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Color case hardening

Posted: Mon Dec 11, 2006 6:20 pm
by Jim D
Does anyone out there know the specifics as to how Marlin color cased
the 1893's? Bone to wood charcoal ratio, additives such as Potasium Cyanide or charred Leather in the pack? Quench water temp, additives such as Potasium Nitrate, aeration etc? I've looked in Brophy's book but couldn't find anything on CCH. In talking with Oscar Gaddy a few years ago, he mentioned a film clip from the 30's showing a number of receivers bolted together in a rectangular crucible, and the lid and contents being dumped in a quench tank, but that's all I've ever heard or read on the subject. A 3:1 wood to bone charcoal ratio gets close, but I don't get the blue turquiose swirls and patches.

Any information is greatly appreciated!!

Jim D

Posted: Mon Dec 11, 2006 7:20 pm
by Regnier (gunrunner)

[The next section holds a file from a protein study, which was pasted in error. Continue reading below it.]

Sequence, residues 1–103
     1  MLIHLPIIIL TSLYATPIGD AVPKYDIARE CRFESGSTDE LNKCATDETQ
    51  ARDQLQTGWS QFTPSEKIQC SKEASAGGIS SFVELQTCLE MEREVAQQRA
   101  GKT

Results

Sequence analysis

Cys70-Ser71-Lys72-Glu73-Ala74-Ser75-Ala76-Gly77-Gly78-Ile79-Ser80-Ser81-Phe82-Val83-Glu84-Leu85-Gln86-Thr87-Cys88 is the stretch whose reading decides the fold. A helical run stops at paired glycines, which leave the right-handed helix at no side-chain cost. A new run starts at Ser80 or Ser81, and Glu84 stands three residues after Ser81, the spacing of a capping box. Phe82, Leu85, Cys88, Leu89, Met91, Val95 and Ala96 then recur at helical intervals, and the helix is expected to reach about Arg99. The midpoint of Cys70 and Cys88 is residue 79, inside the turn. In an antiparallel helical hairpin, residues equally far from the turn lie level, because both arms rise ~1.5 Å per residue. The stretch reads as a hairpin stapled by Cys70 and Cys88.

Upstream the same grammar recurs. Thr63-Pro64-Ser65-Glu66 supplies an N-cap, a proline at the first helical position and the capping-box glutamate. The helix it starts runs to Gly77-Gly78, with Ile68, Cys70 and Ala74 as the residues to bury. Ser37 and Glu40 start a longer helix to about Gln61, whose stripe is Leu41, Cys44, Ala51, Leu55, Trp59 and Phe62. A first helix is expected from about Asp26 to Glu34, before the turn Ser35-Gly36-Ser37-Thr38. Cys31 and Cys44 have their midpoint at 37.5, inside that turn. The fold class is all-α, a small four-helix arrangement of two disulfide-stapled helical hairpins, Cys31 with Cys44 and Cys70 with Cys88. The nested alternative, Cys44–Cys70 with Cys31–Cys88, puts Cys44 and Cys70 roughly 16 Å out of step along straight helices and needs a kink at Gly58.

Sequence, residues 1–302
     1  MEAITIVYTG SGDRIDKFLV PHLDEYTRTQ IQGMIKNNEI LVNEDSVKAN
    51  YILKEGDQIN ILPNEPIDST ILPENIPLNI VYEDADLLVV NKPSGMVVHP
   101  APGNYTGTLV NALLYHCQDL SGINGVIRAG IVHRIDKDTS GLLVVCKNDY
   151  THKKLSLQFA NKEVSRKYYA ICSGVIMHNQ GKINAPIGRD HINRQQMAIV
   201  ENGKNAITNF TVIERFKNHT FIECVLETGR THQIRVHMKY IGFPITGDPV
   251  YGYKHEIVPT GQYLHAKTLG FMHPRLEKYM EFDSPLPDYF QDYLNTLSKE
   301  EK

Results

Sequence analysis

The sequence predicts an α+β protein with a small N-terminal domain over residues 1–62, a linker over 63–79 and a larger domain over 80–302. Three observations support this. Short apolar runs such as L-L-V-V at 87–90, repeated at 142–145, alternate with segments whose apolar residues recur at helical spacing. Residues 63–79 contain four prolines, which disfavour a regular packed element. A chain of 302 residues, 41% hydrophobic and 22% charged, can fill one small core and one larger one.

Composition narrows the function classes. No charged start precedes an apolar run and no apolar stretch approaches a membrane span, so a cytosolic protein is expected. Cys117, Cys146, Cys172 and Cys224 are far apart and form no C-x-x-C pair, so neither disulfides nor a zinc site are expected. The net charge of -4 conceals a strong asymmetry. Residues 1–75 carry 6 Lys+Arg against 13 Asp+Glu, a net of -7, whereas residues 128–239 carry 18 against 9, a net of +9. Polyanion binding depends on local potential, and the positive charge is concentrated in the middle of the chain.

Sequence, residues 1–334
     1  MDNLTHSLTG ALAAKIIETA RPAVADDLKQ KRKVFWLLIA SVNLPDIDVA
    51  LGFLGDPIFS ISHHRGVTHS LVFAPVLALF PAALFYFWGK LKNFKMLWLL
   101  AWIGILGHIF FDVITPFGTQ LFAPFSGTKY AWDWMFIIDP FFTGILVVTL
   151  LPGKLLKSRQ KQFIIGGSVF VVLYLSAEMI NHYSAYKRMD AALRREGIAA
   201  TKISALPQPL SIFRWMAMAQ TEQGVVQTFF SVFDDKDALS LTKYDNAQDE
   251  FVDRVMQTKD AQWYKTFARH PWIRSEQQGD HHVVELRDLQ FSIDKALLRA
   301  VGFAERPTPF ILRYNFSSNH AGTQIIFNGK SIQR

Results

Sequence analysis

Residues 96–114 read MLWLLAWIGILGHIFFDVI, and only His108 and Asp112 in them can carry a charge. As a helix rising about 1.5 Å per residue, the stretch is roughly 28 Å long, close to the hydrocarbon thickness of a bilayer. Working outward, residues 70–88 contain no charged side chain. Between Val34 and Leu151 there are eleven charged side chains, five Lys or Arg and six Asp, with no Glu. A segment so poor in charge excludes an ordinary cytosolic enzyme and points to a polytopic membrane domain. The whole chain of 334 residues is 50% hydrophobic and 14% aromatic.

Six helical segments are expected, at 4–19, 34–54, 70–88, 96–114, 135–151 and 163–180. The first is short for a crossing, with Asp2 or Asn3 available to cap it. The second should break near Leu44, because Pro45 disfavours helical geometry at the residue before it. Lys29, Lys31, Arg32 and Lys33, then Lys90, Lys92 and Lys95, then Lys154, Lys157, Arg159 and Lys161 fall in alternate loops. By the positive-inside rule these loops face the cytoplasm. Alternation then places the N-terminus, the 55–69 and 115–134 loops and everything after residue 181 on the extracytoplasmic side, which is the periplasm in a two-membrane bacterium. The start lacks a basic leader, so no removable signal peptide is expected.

Jim D.;

The film you mention does exist, but there is no information about the temperatures or time in the ovens mentioned. The parts are packed into the iron box (not bolted together) with the bone and charcoal mix then the box is sealed with a clay type substance to keep the gases inside the box. After the box has been the oven the time required, it is dumped into a barrel of water to quench all the parts and wash them. There is a pipe going into the barrel at the bottom flowing water into the barrel at all times. So I suspect it is room temperature water going into the barrel as the water overflows the top of the barrel at all times.
An attorney in Washington D.C. studied the film and learned how to case-color Marlins. He got VERY good at it. Unfortunately he died several years ago and the secret is gone. He did write an article that was published in the Marlin Firearms Collectors Association, Ltd. newsletter explaining the process, but non of the secrets as to time, temperature and mixture. Sorry......
I hope this helps.

Posted: Tue Dec 12, 2006 11:47 am
by Jim D

Thanks for your reply! I have not seen the film, and this is the first that I've heard about the pipe and the constantly flowing water. From my experience, the temperature of the quench water does determine the
quality and brightness of the colors that you get. Much above 50-60 deg F
and the colors start getting "blah". Aeration or disolved Oxygen has an